April 6 has been and gone and with it went traditional tobacco displays in stores of 3,000sq ft and above. Instead shoppers in the grocery multiples and larger convenience stores across England are met with kiosks with their shutters down over the tobacco products. One quick glance and these kiosks look closed. To counter this, many of the grocery mults have plastered their shutters with large ’We are open’ signs. The problem was, the new law was brought in but someone forgot to tell the smokers!
Of course, it’s still too early to tell what the impact has been on the supermarkets’ tobacco sales. Imperial Tobacco reports that sales volumes have dropped by around 2-3% since the display ban was enforced but it expects sales to return to normal as soon as shoppers and staff become familiar with the situation.
Meanwhile, retailers with smaller stores which will be most forecourts don’t have to comply with the display ban until 2015. Many within the industry believe this represents a massive opportunity for these retailers.
Booker’s sales director for retail Steve Fox reckons it offers the biggest opportunity since the launch of the National Lottery. "We estimate that an extra two million shoppers each week could transfer to independent retailers; bringing with them an extra £1bn of sales. This could result in £140m in extra profits for small stores."
He says the fact that tobacco products are now out of sight in the grocery mults will cause confusion, slow service and out-of-stocks.
All the big tobacco manufacturers agree that now is the time for smaller retailers to raise their game and really focus on meeting their shoppers’ needs.
JTI’s head of communications Jeremy Blackburn says: "Our advice is to maintain full range and availability. It sounds obvious but it’s so important for retailers to monitor and respond to sales at a local level and ensure the basic principles of category management are continuously put into practice."
BAT UK’s head of corporate and regulatory affairs Ian Robertson says that when the display ban is implemented within forecourts in 2015, there will be major issues around stock replenishment and inventory.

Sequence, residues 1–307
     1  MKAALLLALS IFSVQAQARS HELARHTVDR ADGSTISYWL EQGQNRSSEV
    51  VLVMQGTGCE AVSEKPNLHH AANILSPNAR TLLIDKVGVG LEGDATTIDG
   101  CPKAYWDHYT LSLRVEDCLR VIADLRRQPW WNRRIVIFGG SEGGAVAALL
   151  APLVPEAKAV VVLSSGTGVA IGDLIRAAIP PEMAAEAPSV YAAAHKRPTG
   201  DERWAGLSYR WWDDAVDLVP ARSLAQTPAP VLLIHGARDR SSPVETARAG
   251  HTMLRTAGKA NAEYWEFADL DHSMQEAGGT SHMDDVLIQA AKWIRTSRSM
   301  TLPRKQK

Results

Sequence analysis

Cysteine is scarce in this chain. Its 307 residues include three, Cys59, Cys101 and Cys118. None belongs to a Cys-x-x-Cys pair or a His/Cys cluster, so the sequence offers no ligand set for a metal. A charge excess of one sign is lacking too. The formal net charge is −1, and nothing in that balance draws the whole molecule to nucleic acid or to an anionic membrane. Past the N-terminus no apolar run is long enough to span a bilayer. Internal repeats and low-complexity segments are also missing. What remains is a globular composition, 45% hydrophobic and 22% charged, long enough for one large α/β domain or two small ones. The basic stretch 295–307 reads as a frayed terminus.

"We are providing as much support as we can to help retailers on the ground manage the change in legislation with minimal disruption and ensure that they don’t suffer as a result."
To this end, BAT has created the Guide to the Retail Display Ban in England. "With more than 20,000 copies ordered since the end of March it has proved very popular," says Robertson. "It includes tips and recommendations on best practice inventory management, merchandising and customer service, three areas on which it is crucial to focus to maintain consumer loyalty in the new trading environment."
On April 16, a 12-week consultation to determine whether tobacco products should be sold in plain packaging was launched by the government.
Imperial Tobacco’s head of convenience Mike Laney says: "Tobacco packaging has never been identified as a reason why people start to smoke or continue to smoke. We oppose the plain packaging of tobacco and will be setting out our detailed views in our response to the government’s Consultation."
There is particular concern about the impact plain packaging will have on illicit trade. "Logic dictates that making all tobacco products available in the same generic packaging will increase the already high level of counterfeit product available in the UK, placing further pressures on retailers and government tax revenues," says Laney.